The Corner House and Campaign Against Arms Trade held a press conference at the offices of the groups' solicitors, Leigh Day & Co, following the High Court ruling in response to the judicial review brought by both groups. This statement was read out at the press conference.

On 10 April 2008, Lord Justice Moses and Mr Justice Sullivan ruled that the decision of the Director of the Serious Fraud Office to drop an investigation into alleged bribes by BAE Systems in Saudi Arabia was unlawful. This is their 42-page judgment.

On 10 April 2008, Lord Justice Moses and Mr Justice Sullivan ruled that the decision of the Director of the Serious Fraud Office to drop an investigation into alleged bribes by BAE Systems in Saudi Arabia was unlawful. As the judgment is long -- on the judges' own admission -- they prepared a summary of the first part of their ruling.

Media coverage was extensive following the ruling by Lord Justice Moses and Mr Justice Sullivan on 10 April 2008 that the decision of the Director of the Serious Fraud Office to drop an investigation into alleged bribes by BAE Systems in Saudi Arabia was unlawful. This is a selection of some leading articles from UK newspapers from 10-17 April 2008.

The Corner House and Campaign Against Arms Trade issued this press release after the High Court ruled, in response to a judicial review brought by both groups, that the Director of the Serious Fraud Office (SFO) had acted unlawfully when he stopped a corruption investigation into BAE Systems' arms deals with Saudi Arabia.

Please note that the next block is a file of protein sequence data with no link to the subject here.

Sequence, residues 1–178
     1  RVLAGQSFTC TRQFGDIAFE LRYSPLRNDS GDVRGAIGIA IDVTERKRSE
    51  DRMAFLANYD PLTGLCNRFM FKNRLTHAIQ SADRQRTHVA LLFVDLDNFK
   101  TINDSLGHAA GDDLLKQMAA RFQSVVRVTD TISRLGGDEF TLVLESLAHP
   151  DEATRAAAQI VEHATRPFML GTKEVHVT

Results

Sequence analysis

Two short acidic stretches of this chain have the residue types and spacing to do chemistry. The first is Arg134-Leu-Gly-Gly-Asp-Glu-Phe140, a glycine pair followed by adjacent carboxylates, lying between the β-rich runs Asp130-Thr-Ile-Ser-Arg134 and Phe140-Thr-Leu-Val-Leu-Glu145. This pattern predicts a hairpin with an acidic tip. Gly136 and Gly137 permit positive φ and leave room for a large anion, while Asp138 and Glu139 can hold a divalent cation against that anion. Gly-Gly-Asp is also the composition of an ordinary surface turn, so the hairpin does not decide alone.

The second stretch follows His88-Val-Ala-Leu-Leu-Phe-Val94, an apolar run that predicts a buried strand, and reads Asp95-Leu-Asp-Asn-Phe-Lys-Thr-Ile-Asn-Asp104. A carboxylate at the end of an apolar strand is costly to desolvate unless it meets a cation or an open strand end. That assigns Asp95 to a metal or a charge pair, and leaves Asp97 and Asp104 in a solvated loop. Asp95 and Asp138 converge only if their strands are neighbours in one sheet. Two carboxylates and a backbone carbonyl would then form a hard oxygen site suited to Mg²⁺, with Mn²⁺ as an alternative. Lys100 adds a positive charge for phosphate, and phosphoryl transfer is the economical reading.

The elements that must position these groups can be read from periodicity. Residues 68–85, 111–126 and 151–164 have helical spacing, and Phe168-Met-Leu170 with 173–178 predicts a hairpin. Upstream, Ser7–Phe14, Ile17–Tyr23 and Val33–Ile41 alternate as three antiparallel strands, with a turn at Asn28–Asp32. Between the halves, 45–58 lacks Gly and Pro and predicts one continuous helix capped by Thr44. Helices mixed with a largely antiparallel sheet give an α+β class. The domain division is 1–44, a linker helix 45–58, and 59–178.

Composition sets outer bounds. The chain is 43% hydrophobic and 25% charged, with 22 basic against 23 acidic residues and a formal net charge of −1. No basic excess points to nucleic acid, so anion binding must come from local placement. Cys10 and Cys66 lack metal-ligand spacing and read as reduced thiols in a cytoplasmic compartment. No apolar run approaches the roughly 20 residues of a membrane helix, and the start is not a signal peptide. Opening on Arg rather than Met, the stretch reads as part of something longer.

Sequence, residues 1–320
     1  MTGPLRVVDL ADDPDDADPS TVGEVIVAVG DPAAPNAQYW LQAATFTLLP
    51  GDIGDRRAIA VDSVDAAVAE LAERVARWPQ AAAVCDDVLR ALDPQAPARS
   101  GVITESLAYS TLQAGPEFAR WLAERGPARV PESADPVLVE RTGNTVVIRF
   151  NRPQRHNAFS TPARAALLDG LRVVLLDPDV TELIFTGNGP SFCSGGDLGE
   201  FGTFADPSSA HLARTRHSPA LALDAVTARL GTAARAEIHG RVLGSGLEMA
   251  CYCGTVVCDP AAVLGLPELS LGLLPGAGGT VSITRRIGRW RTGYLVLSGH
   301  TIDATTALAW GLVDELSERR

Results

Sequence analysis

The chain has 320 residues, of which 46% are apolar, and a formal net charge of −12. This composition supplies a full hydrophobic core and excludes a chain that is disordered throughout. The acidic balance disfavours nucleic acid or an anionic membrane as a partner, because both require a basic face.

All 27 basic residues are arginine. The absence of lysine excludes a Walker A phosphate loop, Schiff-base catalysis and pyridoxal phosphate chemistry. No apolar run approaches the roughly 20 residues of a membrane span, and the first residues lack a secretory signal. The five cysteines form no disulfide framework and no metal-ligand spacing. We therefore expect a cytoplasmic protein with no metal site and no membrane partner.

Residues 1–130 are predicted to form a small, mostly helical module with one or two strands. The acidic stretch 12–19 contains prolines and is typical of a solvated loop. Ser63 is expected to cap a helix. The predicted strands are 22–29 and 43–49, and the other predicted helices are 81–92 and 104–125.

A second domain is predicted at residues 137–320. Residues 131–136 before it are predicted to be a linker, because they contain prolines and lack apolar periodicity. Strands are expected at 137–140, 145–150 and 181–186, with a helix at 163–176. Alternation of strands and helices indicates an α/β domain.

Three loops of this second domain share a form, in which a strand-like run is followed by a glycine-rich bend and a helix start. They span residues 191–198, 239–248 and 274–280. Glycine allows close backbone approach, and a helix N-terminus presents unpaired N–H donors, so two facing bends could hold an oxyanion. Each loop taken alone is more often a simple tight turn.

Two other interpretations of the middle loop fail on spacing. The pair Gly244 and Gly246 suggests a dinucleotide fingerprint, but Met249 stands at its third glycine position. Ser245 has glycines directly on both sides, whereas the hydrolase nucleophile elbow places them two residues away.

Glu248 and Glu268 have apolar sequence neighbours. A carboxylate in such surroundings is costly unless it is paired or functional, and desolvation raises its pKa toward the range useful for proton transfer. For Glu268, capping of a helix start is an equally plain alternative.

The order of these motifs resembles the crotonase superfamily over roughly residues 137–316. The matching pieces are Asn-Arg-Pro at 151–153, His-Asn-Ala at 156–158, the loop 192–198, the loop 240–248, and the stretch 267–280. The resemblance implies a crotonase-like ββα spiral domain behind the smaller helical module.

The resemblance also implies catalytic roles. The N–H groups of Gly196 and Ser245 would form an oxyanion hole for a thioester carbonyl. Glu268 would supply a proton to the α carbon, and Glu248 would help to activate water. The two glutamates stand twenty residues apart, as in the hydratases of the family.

On 9 November 2007, Lord Justice Moses sitting with Mr Justice Irwin granted The Corner House and Campaign Against Arms Trade permission to bring a full judicial review hearing against the decision by the Director of the Serious Fraud Office to terminate the SFO investigation into alleged bribery by BAE Systems in its Saudi Arabian arms deals. Their judgment outlines their reasons for giving permission, and summarises issues relating to the costs of the judicial review.

This Corner House submission urges the Woolf Committee, set up by BAE, to look in detail at BAE's use of agents and consultants to obtain contracts, lobbying policies, covert monitoring of NGOs, failure to cooperate with law enforcement authorities, and at how BAE should deal with allegations of its past malpractice.

This Corner House submission to the Law Commission's public consultation on reforming the UK's antiquated corruption laws looks at corporate liability and at the role of the Attorney General in halting prosecutions of corruption offences where national security concerns have been raised.

On 24 April 2008, the UK High Court formally quashed the Serious Fraud Office's (SFO) decision to drop its corruption investigation into arms deals between BAE Systems and Saudi Arabia. It also gave the SFO permission to appeal to the House of Lords against its 10th April 2008 ruling that the SFO's termination of the investigation was unlawful.

More and more commentators are now recognizing that carbon markets are failing to address the climate crisis. But more discussion is needed of why this is so, and how the way might be cleared for more effective approaches.